Yes, the five aggregates are all "not self, not I, not mine".  But since there isn't anything but the five aggregates ( they're the totality of a person ), this leads to the conclusion that there isn't a self anywhere, doesn't it?  It seems to me that while the Buddha didn't specifically say there wasn't a self, this conclusion arises directly from the teaching that the five aggregates are all "not self, not I, not mine".  What do you think?

Spiny
"My religion is very simple - my religion is ice-cream"

Offline Ron-the-Elder

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Re: Not-self vs No-self
« Reply #3 on: March 19, 2010, 08:45:19 am »
(I) personally like the not self, not I, not mine strategy, because it is something that (I) can touch, feel, and hold in my hand to play with until it feels right.

(I) also like "there is no self to be found", or "the universe is empty of any self".  But the latter is more difficult to communicate, and impossible to prove, because we cannot inspect and verify everywhere, and therefore cannot prove that self is nowhere to be found.  It may be that we missed a spot, much like my wife points out every time (I) wash the windows.  :wink1:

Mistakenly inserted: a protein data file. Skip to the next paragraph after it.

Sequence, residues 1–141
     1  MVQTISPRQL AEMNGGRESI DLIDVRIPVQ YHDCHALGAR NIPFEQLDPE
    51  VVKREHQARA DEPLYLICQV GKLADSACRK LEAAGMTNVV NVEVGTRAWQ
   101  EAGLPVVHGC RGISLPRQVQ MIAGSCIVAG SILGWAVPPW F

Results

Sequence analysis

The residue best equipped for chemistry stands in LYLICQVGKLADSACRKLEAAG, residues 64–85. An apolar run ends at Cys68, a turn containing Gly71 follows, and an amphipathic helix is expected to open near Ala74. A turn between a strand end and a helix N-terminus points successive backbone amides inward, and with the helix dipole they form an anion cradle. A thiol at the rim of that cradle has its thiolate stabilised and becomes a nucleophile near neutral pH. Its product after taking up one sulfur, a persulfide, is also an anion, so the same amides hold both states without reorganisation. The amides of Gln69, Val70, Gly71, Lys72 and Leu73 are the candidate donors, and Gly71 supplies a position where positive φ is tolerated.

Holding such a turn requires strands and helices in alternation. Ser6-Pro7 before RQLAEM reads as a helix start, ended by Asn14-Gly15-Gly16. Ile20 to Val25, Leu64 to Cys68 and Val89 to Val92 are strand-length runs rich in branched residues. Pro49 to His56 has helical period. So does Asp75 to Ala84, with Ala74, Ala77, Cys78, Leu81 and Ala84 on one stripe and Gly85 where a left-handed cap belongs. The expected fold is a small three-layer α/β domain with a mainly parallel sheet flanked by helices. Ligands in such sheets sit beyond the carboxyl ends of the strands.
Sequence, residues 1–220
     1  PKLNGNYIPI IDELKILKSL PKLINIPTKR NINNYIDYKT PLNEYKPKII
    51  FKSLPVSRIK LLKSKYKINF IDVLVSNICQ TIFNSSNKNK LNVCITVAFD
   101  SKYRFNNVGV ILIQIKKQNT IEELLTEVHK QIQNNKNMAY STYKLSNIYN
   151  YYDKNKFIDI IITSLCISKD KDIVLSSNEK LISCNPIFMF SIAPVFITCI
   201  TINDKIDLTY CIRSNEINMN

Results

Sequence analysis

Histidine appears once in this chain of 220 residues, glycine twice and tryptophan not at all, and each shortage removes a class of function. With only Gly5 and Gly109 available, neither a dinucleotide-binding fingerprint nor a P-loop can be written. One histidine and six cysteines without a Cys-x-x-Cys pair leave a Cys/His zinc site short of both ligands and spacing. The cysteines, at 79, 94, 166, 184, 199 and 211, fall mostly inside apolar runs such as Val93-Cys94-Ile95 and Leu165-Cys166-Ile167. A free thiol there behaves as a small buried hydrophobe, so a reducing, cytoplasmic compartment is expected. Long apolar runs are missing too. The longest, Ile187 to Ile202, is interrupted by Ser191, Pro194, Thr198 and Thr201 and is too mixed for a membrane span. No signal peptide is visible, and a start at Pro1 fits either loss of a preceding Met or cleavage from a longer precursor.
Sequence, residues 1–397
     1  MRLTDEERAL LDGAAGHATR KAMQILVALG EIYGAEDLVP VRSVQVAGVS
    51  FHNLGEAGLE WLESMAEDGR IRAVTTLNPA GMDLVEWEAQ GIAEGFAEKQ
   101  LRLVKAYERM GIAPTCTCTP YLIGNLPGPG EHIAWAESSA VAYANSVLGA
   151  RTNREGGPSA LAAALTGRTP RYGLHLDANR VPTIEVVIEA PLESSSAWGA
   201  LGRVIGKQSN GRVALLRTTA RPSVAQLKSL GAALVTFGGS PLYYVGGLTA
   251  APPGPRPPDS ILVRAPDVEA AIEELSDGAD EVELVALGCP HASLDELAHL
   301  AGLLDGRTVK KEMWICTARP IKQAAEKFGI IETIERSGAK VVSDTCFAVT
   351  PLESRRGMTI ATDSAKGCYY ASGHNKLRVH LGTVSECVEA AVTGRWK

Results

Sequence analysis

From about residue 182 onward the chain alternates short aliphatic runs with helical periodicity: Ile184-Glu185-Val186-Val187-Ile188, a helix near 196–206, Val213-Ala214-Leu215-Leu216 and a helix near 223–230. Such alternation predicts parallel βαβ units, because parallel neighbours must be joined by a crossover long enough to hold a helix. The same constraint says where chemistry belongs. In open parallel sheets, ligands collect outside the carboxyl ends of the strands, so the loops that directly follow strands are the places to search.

« Last Edit: March 19, 2010, 04:20:21 pm by Ron-the-Elder »
What Makes an Elder? :
A head of gray hairs doesn't mean one's an elder. Advanced in years, one's called an old fool.
But one in whom there is truth, restraint, rectitude, gentleness,self-control, he's called an elder, his impurities disgorged, enlightened.
-Dhammpada, 19, translated by Thanissaro Bhikkhu.

Offline Monkey Mind

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Re: Not-self vs No-self
« Reply #4 on: March 19, 2010, 12:35:50 pm »
Adherence to a strict belief in "no self" could potentially produce sociopathic behavior. After all, what harm is there if (I) am violent to (you), when neither of (us) has a self? Especially when paired with development in equanimity. I think that is why metta practice, vicarious joy, and other prosocial qualities is so carefully emphasized. I also think that a strict belief in "no self" could potentially undermine the student/ teacher relationship, or laity/ Sangha relationship. Why follow the teaching disciplines of anyone?

Offline KarmaPolice

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Re: Not-self vs No-self
« Reply #5 on: March 19, 2010, 11:51:09 pm »
Quote
What do you think?
That certainly makes sense. But, couldn't one posit that a "self" (such as a soul) exists within each individual but is not detectable through introspection? Of course, if we could not identify it, any "self" such as this truly means nothing in our daily lives. But it seems as though it would be impossible to deny completely this possibility.